President Mahmoud Abbas' Fatah party has called for a "Day of Rage" to protest against new security measures introduced by Israel at a Jerusalem site which is holy to both Muslims and Jews.

The call follows the implementation of metal detectors and turnstiles at the entrance of al-Aqsa compound after a deadly shootout there on Friday.

In that incident, two Israeli security officers died after an alleged attack by three Palestinians - who were themselves killed by Israeli police following the violence.

Tensions have soared since Friday.

READ MORE: Grand Mufti - Arrest of al-Aqsa guards 'unacceptable'

The Red Cross said on Tuesday that at least 50 Palestinians were wounded in overnight clashes with Israeli police remaining near the sacred site, known as the Temple Mount to Jews and the Noble Sanctuary to Muslims.

At least four paramedics were injured, and 15 others were hit by rubber bullets, the charity said.

Clashes also broke out on Tuesday evening after Israeli security forces used sound bombs and rubber bullets to disperse a crowd of worshippers near Lion’s gate in occupied Jerusalem after evening prayers.

A number of Palestinians suffered rubber bullet injuries, including former Jerusalem mufti Sheikh Ikrima Sabri, said Al Jazeera Arabic's correspondent.

Metal detectors and turnstiles have been installed at the entrance of al-Aqsa Mosque [Ilia Yefimovich/Getty]

The Hamas and Islamic Jihad movements have also called for protests in the West Bank and Gaza Strip over the new security measures.

The "Day of Rage" is set to take place on Wednesday.

"For the third day now, the Islamic Waqf authority - which runs the al-Aqsa Mosque compound - is refusing to enter through the Israeli metal detectors," said Al Jazeera's Harry Fawcett, reporting from Jerusalem.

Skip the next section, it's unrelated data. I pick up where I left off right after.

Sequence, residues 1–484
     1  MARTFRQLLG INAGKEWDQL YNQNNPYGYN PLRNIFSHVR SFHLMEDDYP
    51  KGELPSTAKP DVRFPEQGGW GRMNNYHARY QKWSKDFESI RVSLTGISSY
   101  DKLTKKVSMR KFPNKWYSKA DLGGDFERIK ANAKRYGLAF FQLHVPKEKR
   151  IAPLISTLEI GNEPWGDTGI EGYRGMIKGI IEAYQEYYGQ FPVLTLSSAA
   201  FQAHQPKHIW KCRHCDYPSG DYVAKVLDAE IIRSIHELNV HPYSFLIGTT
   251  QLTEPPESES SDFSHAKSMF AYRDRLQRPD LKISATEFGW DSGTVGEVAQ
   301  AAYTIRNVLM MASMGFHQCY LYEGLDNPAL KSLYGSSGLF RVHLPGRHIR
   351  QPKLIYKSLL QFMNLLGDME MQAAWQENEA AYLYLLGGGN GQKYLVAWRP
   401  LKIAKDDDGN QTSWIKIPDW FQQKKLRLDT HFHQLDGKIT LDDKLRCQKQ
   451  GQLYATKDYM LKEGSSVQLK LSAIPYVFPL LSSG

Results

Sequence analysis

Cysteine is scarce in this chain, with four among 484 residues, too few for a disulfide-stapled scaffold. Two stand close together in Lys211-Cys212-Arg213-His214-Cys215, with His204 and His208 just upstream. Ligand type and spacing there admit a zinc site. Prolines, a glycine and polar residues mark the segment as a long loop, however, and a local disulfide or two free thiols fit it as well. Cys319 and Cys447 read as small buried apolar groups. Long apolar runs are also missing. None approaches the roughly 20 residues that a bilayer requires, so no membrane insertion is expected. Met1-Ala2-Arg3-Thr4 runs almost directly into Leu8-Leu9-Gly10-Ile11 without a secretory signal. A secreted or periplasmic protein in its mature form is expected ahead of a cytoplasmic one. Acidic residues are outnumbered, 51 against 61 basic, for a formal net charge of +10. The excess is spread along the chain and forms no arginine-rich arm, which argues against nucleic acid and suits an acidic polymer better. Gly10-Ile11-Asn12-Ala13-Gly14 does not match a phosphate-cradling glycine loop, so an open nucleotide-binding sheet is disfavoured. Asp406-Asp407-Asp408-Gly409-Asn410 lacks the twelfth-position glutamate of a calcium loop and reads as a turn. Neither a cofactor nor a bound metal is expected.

"[The authority] and the many growing number of worshippers outside the mosque see [the security measures] as an imposition of Israeli sovereignty in a holy place, and more generally as an Israeli encroachment in occupied East Jerusalem.

"The Israelis are saying that this is an important security measure after the deadly attack which took place on Friday."

READ MORE: What triggered the violence at al-Aqsa Mosque?

Fatah is calling for Friday prayers to be conducted in public squares in Palestinian cities to denounce what they described as "terrorist procedures" by Israel in occupied East Jerusalem.

Palestinians have already been performing prayers outside the compound in protest, since it was reopened on Sunday after a two-day closure.

Jerusalem Grand Mufti Mohammed Ahmed Hussein criticised the new measures as altering the status quo, which gives Muslims religious control over the site and permits Jews to visit but not pray there.

Clashes erupt over Israel security measures in al-Aqsa

In a statement, Israeli police spokesman Micky Rosenfeld said that Israeli forces removed worshippers at Lions' Gate for allegedly blocking the street while performing prayers.

The Palestinians fear Israel is trying to retake control of the site by stealth. Prime Minister Benjamin Netanyahu stressed on Friday that he did not want to alter the status quo.

The site houses the al-Aqsa Mosque and the Dome of the Rock shrine, Islam's third holiest site after Mecca and Medina, but also the ruins of the Biblical Jewish Temple.

Questions about control of the site frequently lead to outbursts of fighting.

After Friday's alleged attack, Israel closed off the area, preventing Friday prayers at the al-Aqsa Mosque for the first time in decades.

Mahmoud Abbas, who was quick to condemn the shooting attacks in a telephone call to Israeli Prime Minister Benjamin Netanyahu, is currently in Beijing on a three-day visit to meet Chinese President Xi Jinping.

Source: Al Jazeera and news agencies